[Python-ideas] User-defined literals

Florian Bruhin me at the-compiler.org
Tue Jun 2 21:33:46 CEST 2015

* Andrew Barnert via Python-ideas <python-ideas at python.org> [2015-06-02 12:03:25 -0700]:
> This is a straw-man proposal for user-defined literal suffixes, similar to the design in C++.

I actually had the exact same thing in mind recently, and never
brought it up because it seemed too crazy to me. It seems I'm not the
only one! :D

> Any number or string token followed by a name (identifier) token is currently illegal. This would change so that, if there's no whitespace between them, it's legal, and equivalent to a call to a function named `literal_{name}({number-or-string})`. For example, `1.2d` becomes `literal_d('1.2')`, `1.2_dec` becomes `literal_dec('1.2')`, `"1.2"d` also becomes `literal_d('1.2')`.

I think a big issue is that it's non-obvious syntactic sugar. You
wouldn't expect 1.2x to actually be a function call, and for newcomers
this might be rather confusing...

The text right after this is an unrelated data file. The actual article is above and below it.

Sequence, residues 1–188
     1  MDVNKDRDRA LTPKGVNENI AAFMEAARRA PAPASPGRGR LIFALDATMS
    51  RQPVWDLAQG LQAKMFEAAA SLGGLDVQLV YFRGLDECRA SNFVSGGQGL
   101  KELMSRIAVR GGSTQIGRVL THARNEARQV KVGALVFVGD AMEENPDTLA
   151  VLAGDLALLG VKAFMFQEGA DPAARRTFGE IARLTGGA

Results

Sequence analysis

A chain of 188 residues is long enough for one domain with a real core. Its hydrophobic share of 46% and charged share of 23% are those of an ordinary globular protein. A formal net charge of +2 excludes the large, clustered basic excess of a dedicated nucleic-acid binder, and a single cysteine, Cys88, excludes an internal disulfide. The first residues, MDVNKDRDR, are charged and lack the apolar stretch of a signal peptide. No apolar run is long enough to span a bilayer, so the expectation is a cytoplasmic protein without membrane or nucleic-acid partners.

> Similarly, this idea could be extended to handle all literal types, so you can do `{'spam': 1, 'eggs': 2}_o` to create an OrderedDict literal, but I think that's ugly enough to not be worth proposing. (A prefix looks better there... but a prefix doesn't work for numbers or strings. And I'm not sure it's unambiguously parseable even for list/set/dict.) Plus, there's the problem that comprehensions and actual literals are both parsed as displays, but you wouldn't want user-defined comprehensions.

That actually was the use-case I had in mind. I think

    {'spam': 1, 'eggs': 2}_o

is less ugly (and less error-prone!) than

    OrderedDict([('spam', 1), ('eggs': 2)])

Also, it's immediately apparent that it is some kind of dict.

> I've built a quick&dirty toy implementation (at https://github.com/abarnert/userliteralhack). Unlike the real proposal, this only handles numbers, and allows whitespace between the numbers and the names, and is a terrible hack. But it's enough to play with the idea, and you don't need to patch and recompile CPython to use it.

Wow! I'm always amazed at how malleable Python is.


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